An Earth Ethic—Revisited
- Larry J. Schweiger, President & Chief Executive Officer
- Nov 17, 2010
HAVE YOU NOTICED that wild strawberries picked from tendrils growing in the most impoverished, barren soils have the sweetest fruits? In their struggle for moisture and nutrients, these small, cone-shaped berries enrich and sweeten far beyond their well-cared for, broad-shouldered domestic counterparts. My earliest recollections of picking wild strawberries were along an abandoned electric trolley right-of-way once known as the Harmony Short Line.
As soon as the five-petaled white flowers appeared each spring, my brothers and I established a daily surveillance until the blooms turned to ripened red fruit. Then we raided mom’s kitchen for pots and pans to collect the tiny treasures. Since those days, I have eaten many big strawberries and even grown a few in my own gardens, but I have never found one to match those wild berries for taste.
Some of my cherished memories go to my earliest discoveries on the wild landscapes near my childhood home. What I knew about the world then was very simple. Trees were for climbing, strawberries were for picking, creeks were for exploring, rocks were for turning and empty jars were for catching crayfish. What else does a boy need to know about life?
These childhood experiences forged a deep connection with nature that transformed my life. Now, watching my three grandsons play outdoors, I am mindful of the need to connect children to nature early in life so they develop a concern that leads to an environmental ethic.
Nearing the end of his 21-year tenure as head of the National Wildlife Federation, Thomas Kimball wrote a piece in January 1981 for EPA Journal titled “An Earth Ethic,” in which he reflected, “As citizens we know that the quality of our life in the future will be determined in large measure by how environmentally aware the world’s population can become. As educators we know that two things are necessary to develop that awareness: caring and knowledge.”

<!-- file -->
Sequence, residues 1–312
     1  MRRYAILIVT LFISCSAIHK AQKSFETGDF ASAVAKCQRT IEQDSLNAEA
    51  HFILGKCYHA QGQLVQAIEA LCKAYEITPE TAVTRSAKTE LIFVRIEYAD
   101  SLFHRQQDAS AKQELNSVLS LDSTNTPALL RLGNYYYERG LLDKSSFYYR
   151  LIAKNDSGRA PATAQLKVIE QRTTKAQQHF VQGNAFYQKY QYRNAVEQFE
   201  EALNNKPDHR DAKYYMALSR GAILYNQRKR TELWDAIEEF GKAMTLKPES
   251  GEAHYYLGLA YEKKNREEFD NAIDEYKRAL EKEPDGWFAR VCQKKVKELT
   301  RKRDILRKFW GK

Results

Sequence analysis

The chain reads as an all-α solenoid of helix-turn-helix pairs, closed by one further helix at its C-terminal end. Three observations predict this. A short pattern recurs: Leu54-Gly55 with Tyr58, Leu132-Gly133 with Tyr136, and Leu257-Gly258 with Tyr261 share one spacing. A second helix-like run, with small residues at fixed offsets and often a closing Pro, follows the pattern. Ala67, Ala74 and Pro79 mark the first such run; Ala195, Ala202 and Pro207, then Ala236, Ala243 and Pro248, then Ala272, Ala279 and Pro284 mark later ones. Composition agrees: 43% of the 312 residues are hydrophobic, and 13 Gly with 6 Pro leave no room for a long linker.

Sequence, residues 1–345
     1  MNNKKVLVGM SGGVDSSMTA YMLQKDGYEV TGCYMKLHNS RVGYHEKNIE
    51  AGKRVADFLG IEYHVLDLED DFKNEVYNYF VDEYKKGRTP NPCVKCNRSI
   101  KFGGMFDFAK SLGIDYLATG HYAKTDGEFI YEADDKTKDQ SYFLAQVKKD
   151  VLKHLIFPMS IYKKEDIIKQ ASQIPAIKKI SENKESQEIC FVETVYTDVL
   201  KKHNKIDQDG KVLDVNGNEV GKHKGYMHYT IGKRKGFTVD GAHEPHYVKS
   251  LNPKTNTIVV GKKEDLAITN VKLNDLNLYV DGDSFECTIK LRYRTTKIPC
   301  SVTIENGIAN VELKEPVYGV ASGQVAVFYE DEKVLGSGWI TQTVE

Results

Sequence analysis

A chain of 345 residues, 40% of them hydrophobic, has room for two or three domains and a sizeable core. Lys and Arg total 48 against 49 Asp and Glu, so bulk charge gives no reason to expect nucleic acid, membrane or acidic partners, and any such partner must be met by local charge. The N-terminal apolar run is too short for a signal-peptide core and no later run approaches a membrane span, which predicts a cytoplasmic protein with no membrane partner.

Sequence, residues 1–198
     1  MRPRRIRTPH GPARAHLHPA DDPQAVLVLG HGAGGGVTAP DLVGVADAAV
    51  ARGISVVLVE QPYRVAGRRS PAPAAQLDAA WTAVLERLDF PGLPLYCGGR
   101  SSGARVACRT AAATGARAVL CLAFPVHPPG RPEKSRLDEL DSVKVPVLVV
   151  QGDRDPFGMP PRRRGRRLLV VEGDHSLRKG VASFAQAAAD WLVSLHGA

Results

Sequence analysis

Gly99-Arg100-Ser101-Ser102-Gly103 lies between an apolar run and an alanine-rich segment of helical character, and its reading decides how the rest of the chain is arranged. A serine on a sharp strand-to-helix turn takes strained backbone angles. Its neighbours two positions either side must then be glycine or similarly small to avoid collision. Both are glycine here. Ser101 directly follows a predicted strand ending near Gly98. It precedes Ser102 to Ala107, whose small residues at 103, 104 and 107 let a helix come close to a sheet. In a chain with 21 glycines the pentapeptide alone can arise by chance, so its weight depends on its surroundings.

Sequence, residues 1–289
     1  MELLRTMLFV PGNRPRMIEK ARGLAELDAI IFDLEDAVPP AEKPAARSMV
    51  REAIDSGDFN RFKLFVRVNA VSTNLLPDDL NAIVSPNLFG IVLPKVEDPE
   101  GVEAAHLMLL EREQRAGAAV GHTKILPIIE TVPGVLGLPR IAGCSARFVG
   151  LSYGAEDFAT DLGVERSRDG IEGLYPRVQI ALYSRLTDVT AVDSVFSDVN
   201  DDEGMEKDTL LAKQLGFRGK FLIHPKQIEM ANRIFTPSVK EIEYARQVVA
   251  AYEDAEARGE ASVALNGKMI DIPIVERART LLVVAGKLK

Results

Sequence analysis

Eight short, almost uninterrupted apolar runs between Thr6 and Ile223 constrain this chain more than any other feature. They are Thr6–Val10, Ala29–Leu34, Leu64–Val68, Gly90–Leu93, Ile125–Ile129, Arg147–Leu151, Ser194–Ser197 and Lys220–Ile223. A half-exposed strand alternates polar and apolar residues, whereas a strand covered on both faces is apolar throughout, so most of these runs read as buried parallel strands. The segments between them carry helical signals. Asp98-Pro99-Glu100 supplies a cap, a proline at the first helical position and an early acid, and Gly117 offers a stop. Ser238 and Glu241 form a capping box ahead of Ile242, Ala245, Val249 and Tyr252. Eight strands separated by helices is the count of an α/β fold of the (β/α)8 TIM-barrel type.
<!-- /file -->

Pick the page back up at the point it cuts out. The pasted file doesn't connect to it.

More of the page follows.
Caring and knowledge so simply stated by Kimball is what underpins NWF’s mission and purpose. We are committed to inspiring all Americans to protect wildlife for our children’s future. These essential ingredients are needed more today than ever before. The only way that wild places will be saved is through informed and caring citizenry standing up for wildlife now.
Protecting nature has become a lot more complicated in recent times, as exploding human populations have imposed exponential demands on the living resources of the planet. Habitats, fragmented by oil, coal and gas developments, subdivisions and highways, are now under intensifying stress from rapidly shifting climatic conditions.
The oceans are now overfished and overheating from global warming. They are acidifying as depositories for billions upon billions of tons of carbonic acid from fossil fuel burning. Phytoplankton, the basic building blocks of marine fisheries and critically important sources of oxygen for the planet, have declined by 40 percent in recent decades and are continuing to disappear at a rate of 1 percent per year.
Our challenge is further complicated today because more and more people live lives that are disconnected from nature. Recently a college student asked me why he should care if Earth is overheating as long as he has air-conditioning and the Internet. For his “plugged-in” generation, it seems, handheld gadgets may matter more than faraway melting sea ice.
As the recent elections demonstrate, America has been profoundly influenced by hollow, front organizations that are funded by oil, coal and gas interests. These interests create a cloud of confusion and undermine the ability of people to understand the real threats. They also deliberately reduce our ability to create the kinds of changes necessary in energy and climate policies to protect wildlife and the future of our children.
Clearly, we must redouble our collective efforts to care for nature. The threats are many and are increasing in pace and scale. Each of us must become a voice for change in energy policies, for wildlife habitat restoration and for education. We must address the troubling trend of children disconnecting from nature because they get so little unstructured outdoor playtime and almost no environmental instruction.
All of this leads me back to the wild strawberries of my youth. We need to move away from the distracting screens and handheld gadgets so we can rediscover what is important, as I did many years ago. Our children must fully understand and appreciate how our very existence is linked to the health and vitality of nature itself. If ever there was a time for an Earth ethic, it is now.
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